With a new medication picking system for the Bowyer Block Pharmacy, which processes more than 20,000 drug items each month, safety is no longer left to chance.
Of the steps involved in processing a single medication prescription, the picking stage is particularly prone to a high frequency of errors and low chance of detection.
In 2012, in a bid to enhance productivity and reduce medication errors, Block 3 Outpatient Pharmacy pioneered the use of Light Emitting Diode (LED)-guided picking. The system greatly reduced medications errors, but had its limitations. Despite having LED lights to direct the pickers to the correct bins, some preferred to rely on memory and experience to pick drugs from the open bins. This meant that there was a chance they could pick the wrong drug accidentally, especially if they were interrupted in the middle of their work or were harried during peak hours.
“We needed to think out of the box to further improve safety of the drug picking process,” said Wong Jane Ai, Principal Pharmacist.
High volume means higher risk
The Outpatient Pharmacy team developed a new and improved Smartbin system with enhanced safeguards for the Bowyer Block Pharmacy.
The Bowyer Block Pharmacy (at the Diabetes and Metabolism Centre) processes about 6,000 prescriptions every month. As DMC serves patients with multiple chronic conditions requiring different medications, these prescriptions can add up to a total of more than 20,000 drug items dispensed per month.
“This increases the risk of medication errors,” said Chiong Sieu Hong, Pharmacy Practice Manager. “Getting just one medication wrong can result in adverse outcomes for a patient,” she added.
LED lights in different colours – one for each drug pick – light up to indicate that the bin is unlocked and the drug inside is ready for picking.
Using technology to ensure correct practice
The Outpatient Pharmacy team worked with technology vendors to design new bins that are closed and locked at all times. Each bin lights up and can be unlocked only when the picker scans his or her staff card and the drug label, so users will not pick from the wrong/adjacent bins. The new bins are also fitted with 3D keys to ensure staff will return the correct bin to the correct location after it is removed from the shelf during picking.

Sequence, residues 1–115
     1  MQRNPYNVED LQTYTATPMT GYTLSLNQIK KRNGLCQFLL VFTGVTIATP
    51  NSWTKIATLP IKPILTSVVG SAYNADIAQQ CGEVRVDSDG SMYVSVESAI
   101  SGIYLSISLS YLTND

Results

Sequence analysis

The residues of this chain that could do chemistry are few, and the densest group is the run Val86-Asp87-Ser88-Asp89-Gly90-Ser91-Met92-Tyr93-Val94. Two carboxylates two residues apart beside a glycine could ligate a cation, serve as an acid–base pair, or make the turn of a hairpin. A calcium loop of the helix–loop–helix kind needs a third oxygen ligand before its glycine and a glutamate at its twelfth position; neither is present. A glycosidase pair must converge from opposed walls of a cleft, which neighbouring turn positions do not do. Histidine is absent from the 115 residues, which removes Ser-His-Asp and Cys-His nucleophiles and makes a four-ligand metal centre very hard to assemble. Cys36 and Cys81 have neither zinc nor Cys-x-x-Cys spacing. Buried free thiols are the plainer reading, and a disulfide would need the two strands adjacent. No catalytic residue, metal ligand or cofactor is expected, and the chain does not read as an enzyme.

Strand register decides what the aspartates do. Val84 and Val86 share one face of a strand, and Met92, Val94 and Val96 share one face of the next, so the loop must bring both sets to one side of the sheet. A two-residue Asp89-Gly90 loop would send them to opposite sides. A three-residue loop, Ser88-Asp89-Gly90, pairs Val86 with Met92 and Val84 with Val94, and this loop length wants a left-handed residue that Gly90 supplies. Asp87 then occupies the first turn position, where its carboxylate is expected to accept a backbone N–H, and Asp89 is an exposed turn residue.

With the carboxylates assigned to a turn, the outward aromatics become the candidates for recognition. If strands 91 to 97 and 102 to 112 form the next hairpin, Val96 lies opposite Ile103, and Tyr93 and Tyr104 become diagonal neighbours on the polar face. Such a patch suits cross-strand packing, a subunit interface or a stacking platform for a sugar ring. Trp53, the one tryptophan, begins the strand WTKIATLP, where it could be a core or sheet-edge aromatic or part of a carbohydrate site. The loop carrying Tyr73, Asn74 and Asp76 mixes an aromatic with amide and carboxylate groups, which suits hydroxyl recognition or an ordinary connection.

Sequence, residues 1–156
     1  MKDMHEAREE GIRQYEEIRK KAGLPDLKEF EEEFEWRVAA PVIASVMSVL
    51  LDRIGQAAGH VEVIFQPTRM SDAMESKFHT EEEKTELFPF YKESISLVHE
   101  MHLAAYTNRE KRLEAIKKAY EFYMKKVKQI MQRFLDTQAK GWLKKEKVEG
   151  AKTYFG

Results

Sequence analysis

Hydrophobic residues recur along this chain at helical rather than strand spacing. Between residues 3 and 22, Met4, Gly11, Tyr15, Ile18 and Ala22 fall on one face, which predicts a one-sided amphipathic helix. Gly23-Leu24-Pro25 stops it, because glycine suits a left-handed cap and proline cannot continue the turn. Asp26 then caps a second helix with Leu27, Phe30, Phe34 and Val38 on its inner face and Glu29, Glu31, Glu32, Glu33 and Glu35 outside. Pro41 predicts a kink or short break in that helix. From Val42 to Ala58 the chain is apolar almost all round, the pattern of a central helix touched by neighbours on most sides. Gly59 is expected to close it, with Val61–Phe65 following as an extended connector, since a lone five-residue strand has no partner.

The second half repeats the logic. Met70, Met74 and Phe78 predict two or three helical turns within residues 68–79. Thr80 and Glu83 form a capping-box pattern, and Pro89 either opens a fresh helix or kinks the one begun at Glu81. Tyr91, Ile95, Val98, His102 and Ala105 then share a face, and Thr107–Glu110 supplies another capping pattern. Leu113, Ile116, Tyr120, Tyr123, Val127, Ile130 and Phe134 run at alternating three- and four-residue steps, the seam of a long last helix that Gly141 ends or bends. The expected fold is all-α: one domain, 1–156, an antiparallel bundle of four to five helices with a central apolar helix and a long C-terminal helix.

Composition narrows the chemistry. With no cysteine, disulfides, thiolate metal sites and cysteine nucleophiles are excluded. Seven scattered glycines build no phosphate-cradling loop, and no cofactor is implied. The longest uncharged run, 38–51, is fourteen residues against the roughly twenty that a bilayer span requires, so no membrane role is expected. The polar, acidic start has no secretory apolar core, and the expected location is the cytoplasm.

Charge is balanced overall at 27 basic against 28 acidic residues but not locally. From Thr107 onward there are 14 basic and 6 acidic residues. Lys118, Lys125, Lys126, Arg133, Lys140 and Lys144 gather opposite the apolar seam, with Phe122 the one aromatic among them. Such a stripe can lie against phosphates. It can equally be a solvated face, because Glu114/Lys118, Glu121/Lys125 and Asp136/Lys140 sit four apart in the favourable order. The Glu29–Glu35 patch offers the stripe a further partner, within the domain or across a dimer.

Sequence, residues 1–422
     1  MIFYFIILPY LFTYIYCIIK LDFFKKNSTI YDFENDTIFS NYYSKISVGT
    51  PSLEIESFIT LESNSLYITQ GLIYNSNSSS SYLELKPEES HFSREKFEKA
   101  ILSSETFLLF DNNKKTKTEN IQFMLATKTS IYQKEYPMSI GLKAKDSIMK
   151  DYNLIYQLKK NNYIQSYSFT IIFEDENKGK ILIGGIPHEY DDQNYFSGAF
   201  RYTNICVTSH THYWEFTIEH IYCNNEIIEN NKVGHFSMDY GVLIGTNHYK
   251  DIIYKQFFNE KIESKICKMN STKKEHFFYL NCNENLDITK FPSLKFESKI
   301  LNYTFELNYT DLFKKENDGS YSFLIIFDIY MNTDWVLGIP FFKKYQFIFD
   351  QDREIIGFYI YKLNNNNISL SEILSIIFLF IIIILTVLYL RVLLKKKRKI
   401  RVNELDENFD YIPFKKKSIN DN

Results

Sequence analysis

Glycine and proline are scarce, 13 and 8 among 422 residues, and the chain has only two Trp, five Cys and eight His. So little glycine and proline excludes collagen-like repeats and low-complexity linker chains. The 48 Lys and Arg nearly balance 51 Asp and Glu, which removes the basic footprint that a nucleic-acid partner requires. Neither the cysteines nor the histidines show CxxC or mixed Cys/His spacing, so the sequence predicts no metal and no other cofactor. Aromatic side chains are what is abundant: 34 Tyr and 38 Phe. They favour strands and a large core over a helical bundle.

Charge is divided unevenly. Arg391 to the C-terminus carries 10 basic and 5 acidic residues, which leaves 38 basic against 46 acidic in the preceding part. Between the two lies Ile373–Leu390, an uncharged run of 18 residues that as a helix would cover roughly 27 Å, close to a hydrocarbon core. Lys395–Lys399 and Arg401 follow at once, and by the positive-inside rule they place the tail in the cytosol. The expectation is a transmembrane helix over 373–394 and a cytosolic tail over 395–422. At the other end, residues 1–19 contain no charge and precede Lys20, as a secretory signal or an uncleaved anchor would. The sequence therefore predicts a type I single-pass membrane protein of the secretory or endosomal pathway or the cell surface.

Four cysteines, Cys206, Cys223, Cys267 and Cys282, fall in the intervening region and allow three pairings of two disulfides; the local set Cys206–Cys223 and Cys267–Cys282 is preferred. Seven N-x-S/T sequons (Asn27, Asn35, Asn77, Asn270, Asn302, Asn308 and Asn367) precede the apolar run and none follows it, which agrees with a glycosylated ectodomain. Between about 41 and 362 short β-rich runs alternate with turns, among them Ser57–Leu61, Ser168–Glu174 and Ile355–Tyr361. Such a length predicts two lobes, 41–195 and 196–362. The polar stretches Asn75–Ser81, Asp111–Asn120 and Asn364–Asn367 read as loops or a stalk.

The system ensures accountability by requiring the staff to scan his/her staff card at every step of the picking process, thereby capturing the user identity. For drug top-ups and returns, the system tracks that staff will follow a two-person verification process to ensure the correct drug is returned or topped up.
Overcoming resistance to change
The new system was a marked improvement from the earlier one. In some months, there were even zero errors in drug picks. It made sure safety is never left to chance, by reducing the risk of errors involving human factors.
However, some staff resisted the change because the new safeguards meant it took longer to pick drugs. “The staffs were used to the traditional method of drug picking,” explained Tan Shu Kuan, Pharmacist. “Our biggest challenge when we first implemented the Smartbin was to bring them out of their comfort zone.”
The team chipped away at the problem with frequent discussions with staff about the overwhelmingly positive impact on patient safety. In addition, they had actively worked with ground staff to implement standardised protocols. “We guided them with a simple step-by-step method, shared with them the benefits of the Smartbin through medication near miss analysis, and conducted periodic surveys for their feedback,” said Shu Kuan.
Training sessions for staff on the new workflow using Fastrak.
As a result, staff became increasingly convinced of the importance of the new workflow. Pharmacy Technician Supervisor Seah Sok Eng recalled: “Initially we were skeptical about the new Smartbin processes as it took a little more time to load and return drugs. We soon realised that these steps were essential in ensuring safety in our picking process and the extra time taken was minimal in comparison to the benefits.”
“Medication safety is our utmost priority,” declared Pearlyn Tay, Senior Pharmacist.
This story was reproduced from LighterNotes.